Monitoring self-reported musculoskeletal symptoms in forestry operations

Vasiliki Dimou, Chrisovalantis Malesios, Sofia Pispa

Research output: Contribution to journalArticle

Abstract

Tough working conditions prevailing in the silvicultural sector contribute to the appearance of musculoskeletal disorders (MSDs) in employees. This paper presents an analysis of the prevalence of self-reported musculoskeletal disorder symptoms (MSSs) among forestry workers. The Standardized Nordic Questionnaire (SNQ) was used as a tool for recording such self-reported symptoms. The questionnaire was completed by 100 professional forestry workers, 29 of whom were female, whose main tasks included debarking and stacking of firewood. The 71 male participants were classified according to work type into those who performed motor-manual felling and skidding with draft animals and those who performed motor-manual felling and skidding with the use of agricultural tractors. In order to test for the potential effects of different factors on the prevalence of MSSs among the workers, a quasi-binomial regression approach was followed. The main outcome from the fit of the regression-type models was that besides the varying influence of demographic factors such as workers’ age and years of experience, the type of work also constitutes a major factor impacting MSSs. Furthermore, the results show that the self-reported MSSs that occurred in the overall number of participants over the last 12 months preceding the completion of the questionnaire affected body areas such as wrists and hands (65%), knees (57%), and lower back (52%). A high percentage (41%) of participants also reported symptoms on their shoulders and upper back.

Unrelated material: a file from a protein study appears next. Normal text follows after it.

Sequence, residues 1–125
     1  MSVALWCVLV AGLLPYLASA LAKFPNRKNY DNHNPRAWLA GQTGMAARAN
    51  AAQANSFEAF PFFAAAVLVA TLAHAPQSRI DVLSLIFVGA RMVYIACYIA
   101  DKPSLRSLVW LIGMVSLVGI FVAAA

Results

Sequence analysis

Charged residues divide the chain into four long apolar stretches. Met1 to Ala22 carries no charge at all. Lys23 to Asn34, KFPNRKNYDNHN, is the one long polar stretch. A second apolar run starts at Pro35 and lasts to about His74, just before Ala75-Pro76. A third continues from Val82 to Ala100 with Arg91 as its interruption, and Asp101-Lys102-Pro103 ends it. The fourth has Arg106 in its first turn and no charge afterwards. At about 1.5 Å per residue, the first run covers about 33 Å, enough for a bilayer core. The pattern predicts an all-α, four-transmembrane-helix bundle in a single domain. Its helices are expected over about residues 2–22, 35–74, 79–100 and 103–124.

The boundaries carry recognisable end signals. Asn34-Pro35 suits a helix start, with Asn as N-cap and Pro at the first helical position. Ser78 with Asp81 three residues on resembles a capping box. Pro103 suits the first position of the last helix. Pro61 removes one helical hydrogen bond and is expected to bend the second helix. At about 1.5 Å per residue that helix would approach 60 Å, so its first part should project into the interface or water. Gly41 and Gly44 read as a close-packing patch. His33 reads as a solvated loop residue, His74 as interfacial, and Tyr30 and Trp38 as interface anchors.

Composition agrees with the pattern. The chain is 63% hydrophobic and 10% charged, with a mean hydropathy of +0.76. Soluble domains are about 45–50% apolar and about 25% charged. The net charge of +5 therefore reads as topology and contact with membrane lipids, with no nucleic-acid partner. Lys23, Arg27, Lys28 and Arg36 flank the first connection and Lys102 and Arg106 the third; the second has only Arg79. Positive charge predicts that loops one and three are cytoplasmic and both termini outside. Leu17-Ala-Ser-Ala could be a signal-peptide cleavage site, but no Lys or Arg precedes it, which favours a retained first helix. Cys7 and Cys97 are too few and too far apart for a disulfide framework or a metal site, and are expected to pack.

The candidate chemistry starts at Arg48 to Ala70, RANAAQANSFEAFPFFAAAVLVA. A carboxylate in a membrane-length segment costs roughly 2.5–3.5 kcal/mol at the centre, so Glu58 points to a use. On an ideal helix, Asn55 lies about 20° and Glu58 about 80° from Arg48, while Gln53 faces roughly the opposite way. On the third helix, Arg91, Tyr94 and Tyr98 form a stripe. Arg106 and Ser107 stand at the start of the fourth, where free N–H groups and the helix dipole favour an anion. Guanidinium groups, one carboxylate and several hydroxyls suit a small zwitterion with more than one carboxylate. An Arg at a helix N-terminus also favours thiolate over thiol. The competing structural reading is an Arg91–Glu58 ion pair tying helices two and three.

Original languageEnglish
JournalInternational Journal of Forest Engineering
Early online date9 Apr 2020
DOIs
Publication statusE-pub ahead of print - 9 Apr 2020

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